A Winter Break

All of the emotional trauma of last Fall has subsided. Thanks to reassurance from the chief, I find myself much less fearful. We were able to enjoy good times at Thanksgiving and Christmas with family.
Results from the genetic analysis of the biopsy samples are back. These offer renewed hope, but also point to more challenges on our path to “durable remission”. The chart (click on thumbnail below) shows continued decline of my PSA. I expect the CT scan scheduled for January 12th will show continued shrinkage of the lymph node metastases.
I feel I need a break from this most recent chemotherapy regimen, and the chief agrees. I have gone back into physical therapy so that I can regain the strength to climb the stairs in our California townhouse. We are headed back to California at the end of the month, hopefully for the rest of the winter. While we’re there, I may need one or more “maintenance” doses of chemotherapy. In the meantime the chief promises to devise a new treatment regimen from the results of the genetic analysis. It will almost certainly mean more chemotherapy with Taxotere. The plan is to start the new regimen when more pleasant weather returns to the mid-Atlantic.

Heidi

Heidi and Bob with grandchildren, Alexis, Luke, and Kate Ashton, Chrismas 2014

Winter break → Springtime challenge

All of the emotional trauma of last Fall has subsided. Thanks to reassurance from the chief, I find myself much less fearful. We were able to enjoy good times at Thanksgiving and Christmas with family.
Results from the genetic analysis of the biopsy samples are back. Finding these new drugs that are tuned to my tumor characteristics has provided new hope, but the particulars point to more challenges on our path to “durable remission”. The chart (click on thumbnail below) shows continued decline of both my PSA and bone-specific alkaline phosphatase. PSA:BoneALP Chart 2014
Details
I completed five more infusions on December 29th – 13 in all since mid-August. Last Saturday we went for the January blood test for the chief. The trends shown on the above chart are signs the cancer is under control, at least for now. I’ll get another CT scan next Monday, the 12th; we’ll be looking for continued shrinkage of the lymph node tumors that started all this ruckus last summer.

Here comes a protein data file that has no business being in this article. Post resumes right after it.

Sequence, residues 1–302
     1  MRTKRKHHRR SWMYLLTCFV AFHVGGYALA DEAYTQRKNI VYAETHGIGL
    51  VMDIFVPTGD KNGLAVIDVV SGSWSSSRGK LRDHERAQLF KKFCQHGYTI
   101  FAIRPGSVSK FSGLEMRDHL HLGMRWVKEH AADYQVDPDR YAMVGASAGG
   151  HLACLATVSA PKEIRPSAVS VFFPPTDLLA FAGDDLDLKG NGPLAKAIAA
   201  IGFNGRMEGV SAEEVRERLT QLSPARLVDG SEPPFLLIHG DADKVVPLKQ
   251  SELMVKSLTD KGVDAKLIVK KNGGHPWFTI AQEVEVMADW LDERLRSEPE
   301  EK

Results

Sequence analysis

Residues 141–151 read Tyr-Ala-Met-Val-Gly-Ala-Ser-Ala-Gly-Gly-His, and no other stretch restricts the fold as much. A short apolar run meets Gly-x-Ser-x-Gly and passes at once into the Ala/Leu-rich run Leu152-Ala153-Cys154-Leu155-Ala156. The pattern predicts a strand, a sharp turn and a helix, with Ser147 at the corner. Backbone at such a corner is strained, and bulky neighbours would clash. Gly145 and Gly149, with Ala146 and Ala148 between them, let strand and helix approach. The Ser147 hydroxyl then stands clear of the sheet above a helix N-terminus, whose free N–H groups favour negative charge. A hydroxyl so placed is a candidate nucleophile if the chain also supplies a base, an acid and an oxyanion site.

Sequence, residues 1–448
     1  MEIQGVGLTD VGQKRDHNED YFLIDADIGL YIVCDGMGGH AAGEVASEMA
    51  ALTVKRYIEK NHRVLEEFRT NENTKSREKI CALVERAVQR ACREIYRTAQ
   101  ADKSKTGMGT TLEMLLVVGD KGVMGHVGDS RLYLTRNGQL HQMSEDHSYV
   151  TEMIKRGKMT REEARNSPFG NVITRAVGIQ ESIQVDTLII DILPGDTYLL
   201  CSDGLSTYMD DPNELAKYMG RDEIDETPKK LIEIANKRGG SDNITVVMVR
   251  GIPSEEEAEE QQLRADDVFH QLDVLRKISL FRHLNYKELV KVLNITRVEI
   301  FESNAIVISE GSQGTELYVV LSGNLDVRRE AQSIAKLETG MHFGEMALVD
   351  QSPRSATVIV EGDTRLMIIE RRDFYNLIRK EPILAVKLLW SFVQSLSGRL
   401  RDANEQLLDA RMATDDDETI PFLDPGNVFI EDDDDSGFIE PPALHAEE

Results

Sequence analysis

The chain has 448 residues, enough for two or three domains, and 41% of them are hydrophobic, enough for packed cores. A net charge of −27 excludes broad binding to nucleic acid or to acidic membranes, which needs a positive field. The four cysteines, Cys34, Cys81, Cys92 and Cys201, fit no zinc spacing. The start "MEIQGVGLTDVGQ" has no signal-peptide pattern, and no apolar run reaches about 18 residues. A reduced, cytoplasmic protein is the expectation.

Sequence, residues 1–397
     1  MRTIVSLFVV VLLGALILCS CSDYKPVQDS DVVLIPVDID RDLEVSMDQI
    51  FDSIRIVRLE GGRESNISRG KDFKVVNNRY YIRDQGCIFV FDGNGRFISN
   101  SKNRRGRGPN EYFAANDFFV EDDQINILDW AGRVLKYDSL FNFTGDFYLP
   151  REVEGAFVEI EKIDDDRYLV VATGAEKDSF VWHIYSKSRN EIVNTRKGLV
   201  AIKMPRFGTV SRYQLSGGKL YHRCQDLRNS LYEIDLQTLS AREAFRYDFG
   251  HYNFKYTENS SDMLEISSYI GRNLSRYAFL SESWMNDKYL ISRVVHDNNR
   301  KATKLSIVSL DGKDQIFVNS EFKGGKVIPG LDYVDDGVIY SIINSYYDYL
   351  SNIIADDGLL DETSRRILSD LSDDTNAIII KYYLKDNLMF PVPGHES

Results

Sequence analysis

Molecular profiling
This is one of the terms geneticists use for analysis of tumor samples. The chief reported three significant items from the Caris Dx study of my samples. First, it’s clear now why Taxotere chemotherapy has been so consistently successful at “pulling me back from the brink” in the last four years. I have a gene known as TP53. This gene is missing in many PCa patients. It is known to prevent PCa cells from becoming resistant to Taxotere. So, while the tumors in many of my compatriots have eventually become resistant to Taxotere, heretofore PCa medicine’s last line of attack before death, I and some others still surviving are lucky enough to have this particular gene.
Next, the analysis showed that my tumors appear to be susceptible to a drug called Erbitux, used principally to treat colorectal cancer, and Xoleda, a drug used to treat breast cancer. Each of these would likely be used in combination with more Taxotere. I feel worn out from all this. So, we will take a holiday for at least a month to give me a chance to regain a little strength. Further, the potential side effects of each of these drugs are a bit daunting. So much so that I want to wait for more pleasant weather in the mid-Atlantic region before embarking on yet another arduous treatment regimen. In the meantime we will escape this brutal January weather and go back to the Bay Area, hopefully for the rest of the winter. If PSA takes off so rapidly that I need more Taxotere to bring the cancer back under control, I’m already established as a “winter patient” at an excellent nearby cancer clinic.

In retrospect
In the days before molecular profiling, the chief would have few new choices to suggest at this point. We would know that Taxotere continues to work, but not understand why. I have gotten weary of the shotgun aspect of chemotherapy. Similarly, we would not have a clue that Erbitux and Xoleda might be more useful than many others for treating my lymph node mets. I think these new techniques will soon help many advanced PCa patients obtain more targeted therapies and suffer less “collateral damage” to their bodies in the process.

Renewed Hope, again

After recovering from a our frightening summer, we got a great lift from our Tuesday visit with the chief. He is happy that my bone metastases seem to remain in remission, and confident there are tools for controlling the new soft tissue mets in my abdomen. At the rate I was losing weight up through the beginning of October, I thought I had also been afflicted by cachexia (kah-kek’-si-ah), a wasting disease that claims about 25% of advanced PCa patients.

Happily, I have started to regain some weight, now about 140, up from 132. My new rolling walker helps me keep my balance and lets me walk around feeling much less lower back fatigue. Weather permitting, I have been going longer and longer distances outside. I am really anxious to get strong enough to walk comfortably.

At present, the best tool we have to shrink these mets is Taxotere chemo infusions. In search of a less-punishing alternative, I’m going to get a biopsy of these soft tissue mets on the 24th. Getting good (cancer-laden) samples is tricky. If successful, the chief is also confident that analysis of these samples will provide new information on what drugs might work on these tumors in place of the chemotherapy with Taxotere.

Best wishes to you and your families for a joyous Thanksgiving!

Love, Heidi and Bob

Bob and

Bob and Heidi with her sister, Debbie, in late October

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Bob with daughter Stacy and her children on Stacy’s birthday in early October